Crystal to debut excursions for late-risers

Crystal Cruises has developed an excursion product aimed especially at guests who like to sleep in.

While shore excursions typically launch 30 minutes to an hour after docking or tendering operations begin, these excursions will start at 11 a.m. or noon, depending on the itinerary. They are designed to dovetail with a late-riser's breakfast served from 10 a.m. to 11:30 a.m. on both Crystal ships.

"The 'Late-Risers Adventures' allow guests who prefer more sleep in the morning, are perhaps still adjusting to a time change, or simply like to enjoy a long, leisurely breakfast, to keep their preferred schedule ," said Crystal President Edie Rodriguez.

The new, later excursions will be offered beginning with Crystal Serenity's Sept. 19 Boston-Quebec sailing, and on Crystal Symphony's Sept. 27 Hamburg-Lisbon sailing. 

Thursday, 28 August 2014

Global disruption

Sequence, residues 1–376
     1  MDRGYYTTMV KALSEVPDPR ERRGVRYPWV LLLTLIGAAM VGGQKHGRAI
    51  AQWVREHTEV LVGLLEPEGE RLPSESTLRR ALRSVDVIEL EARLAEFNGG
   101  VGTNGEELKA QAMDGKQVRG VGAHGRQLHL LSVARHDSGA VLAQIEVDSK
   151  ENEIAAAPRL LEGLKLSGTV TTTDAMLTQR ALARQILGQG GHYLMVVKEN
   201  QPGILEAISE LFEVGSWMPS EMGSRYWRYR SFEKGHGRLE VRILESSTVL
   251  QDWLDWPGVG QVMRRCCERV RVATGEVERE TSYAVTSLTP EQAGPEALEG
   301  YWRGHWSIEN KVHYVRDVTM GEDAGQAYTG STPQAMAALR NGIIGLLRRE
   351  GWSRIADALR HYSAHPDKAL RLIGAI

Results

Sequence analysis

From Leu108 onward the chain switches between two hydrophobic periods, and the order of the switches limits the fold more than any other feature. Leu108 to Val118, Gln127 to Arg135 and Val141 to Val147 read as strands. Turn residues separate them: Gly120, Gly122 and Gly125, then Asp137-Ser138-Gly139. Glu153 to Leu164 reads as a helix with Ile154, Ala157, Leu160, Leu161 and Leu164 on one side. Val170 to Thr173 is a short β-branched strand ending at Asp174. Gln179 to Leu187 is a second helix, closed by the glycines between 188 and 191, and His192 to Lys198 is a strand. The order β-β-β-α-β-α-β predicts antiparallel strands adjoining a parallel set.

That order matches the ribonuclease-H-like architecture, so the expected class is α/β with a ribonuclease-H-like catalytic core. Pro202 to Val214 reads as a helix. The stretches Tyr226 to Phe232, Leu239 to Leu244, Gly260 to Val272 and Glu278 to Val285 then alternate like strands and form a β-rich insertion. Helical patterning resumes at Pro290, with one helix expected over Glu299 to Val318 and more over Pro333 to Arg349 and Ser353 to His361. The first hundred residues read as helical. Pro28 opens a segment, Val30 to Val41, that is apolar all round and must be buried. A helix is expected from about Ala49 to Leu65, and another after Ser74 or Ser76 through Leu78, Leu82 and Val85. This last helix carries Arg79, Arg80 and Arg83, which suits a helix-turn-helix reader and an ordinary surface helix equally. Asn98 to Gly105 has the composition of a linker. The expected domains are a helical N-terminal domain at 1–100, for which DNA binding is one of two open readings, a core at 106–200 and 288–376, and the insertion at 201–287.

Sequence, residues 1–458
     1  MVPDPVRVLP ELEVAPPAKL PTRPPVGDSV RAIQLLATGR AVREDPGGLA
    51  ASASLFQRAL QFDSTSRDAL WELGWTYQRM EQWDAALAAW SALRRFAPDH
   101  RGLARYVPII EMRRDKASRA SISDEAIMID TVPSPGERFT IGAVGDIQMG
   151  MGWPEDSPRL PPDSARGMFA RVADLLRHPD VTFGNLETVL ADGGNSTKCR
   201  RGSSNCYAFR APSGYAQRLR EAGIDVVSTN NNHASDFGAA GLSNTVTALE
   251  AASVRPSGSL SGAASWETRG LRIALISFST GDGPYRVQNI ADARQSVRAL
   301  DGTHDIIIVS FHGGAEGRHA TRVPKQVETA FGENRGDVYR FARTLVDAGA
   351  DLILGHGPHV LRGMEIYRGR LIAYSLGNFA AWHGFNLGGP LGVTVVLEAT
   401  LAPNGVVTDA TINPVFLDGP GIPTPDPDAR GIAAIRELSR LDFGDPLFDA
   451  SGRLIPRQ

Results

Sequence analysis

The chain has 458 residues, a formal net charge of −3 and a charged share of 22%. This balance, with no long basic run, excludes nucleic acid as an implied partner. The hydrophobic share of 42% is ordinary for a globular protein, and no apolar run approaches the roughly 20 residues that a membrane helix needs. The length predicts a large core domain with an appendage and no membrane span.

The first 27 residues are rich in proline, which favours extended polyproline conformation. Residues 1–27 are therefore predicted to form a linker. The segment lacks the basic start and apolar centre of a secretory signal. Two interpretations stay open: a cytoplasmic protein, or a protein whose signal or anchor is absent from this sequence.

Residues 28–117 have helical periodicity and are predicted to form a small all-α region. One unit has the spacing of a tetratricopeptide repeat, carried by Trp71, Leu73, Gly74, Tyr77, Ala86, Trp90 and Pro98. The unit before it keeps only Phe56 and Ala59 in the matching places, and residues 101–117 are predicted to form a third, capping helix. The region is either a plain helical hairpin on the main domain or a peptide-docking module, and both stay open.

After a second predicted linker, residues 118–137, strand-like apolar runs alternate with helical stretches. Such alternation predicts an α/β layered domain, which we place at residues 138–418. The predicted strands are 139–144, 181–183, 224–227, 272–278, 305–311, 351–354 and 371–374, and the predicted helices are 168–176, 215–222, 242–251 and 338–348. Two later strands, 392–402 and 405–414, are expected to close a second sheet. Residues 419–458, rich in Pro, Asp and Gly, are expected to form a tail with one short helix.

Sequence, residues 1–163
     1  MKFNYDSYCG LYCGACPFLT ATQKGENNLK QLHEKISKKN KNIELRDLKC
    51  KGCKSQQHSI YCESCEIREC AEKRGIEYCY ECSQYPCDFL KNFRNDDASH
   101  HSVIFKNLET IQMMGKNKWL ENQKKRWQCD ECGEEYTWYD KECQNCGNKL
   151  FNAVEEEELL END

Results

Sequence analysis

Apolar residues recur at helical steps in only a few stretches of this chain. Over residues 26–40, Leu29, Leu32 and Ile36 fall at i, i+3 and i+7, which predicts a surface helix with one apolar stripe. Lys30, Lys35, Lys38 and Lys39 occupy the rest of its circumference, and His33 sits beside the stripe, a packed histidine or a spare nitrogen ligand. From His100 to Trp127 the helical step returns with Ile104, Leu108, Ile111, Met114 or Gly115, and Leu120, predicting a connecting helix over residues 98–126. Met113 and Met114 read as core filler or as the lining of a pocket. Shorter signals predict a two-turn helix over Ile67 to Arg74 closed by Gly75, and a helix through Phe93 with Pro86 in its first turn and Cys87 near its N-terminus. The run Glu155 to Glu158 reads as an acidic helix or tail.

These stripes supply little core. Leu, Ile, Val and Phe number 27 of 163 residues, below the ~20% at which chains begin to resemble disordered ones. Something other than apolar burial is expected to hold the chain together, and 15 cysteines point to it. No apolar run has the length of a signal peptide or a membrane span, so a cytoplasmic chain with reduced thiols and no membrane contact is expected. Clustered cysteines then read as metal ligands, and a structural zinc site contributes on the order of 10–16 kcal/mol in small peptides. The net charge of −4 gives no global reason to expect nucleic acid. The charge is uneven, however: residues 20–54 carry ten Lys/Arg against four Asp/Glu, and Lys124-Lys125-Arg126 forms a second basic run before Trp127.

Global disruption

By Michelle Baran
No matter where the travel industry shifts its focus, climate change is a clear and present danger. From severe weather systems to polar ice melt, from warming waters to rising sea levels, its effects pose serious threats to natural resources and travel destinations the world over.

More immediately, climate change is compromising with greater frequency and urgency than ever before.
Travel Weekly Green TravelTravel and climate experts alike say the industry has a lot to lose if it fails to acknowledge both its contributions to climate change and economic and environmental opportunities: It should embrace more energy-efficient strategies and use travel products to help travelers understand climate change and its impact on destinations.

Last month, the Intergovernmental Panel on Climate Change issued a sweeping report on the causes and effects of global warming, asserting that transportation systems -- planes, trains, cars and ships -- account for about one-fourth of all energy-related carbon emissions worldwide.

"Without aggressive and sustained policy intervention, direct-transport carbon emissions could double by 2050," the report warned.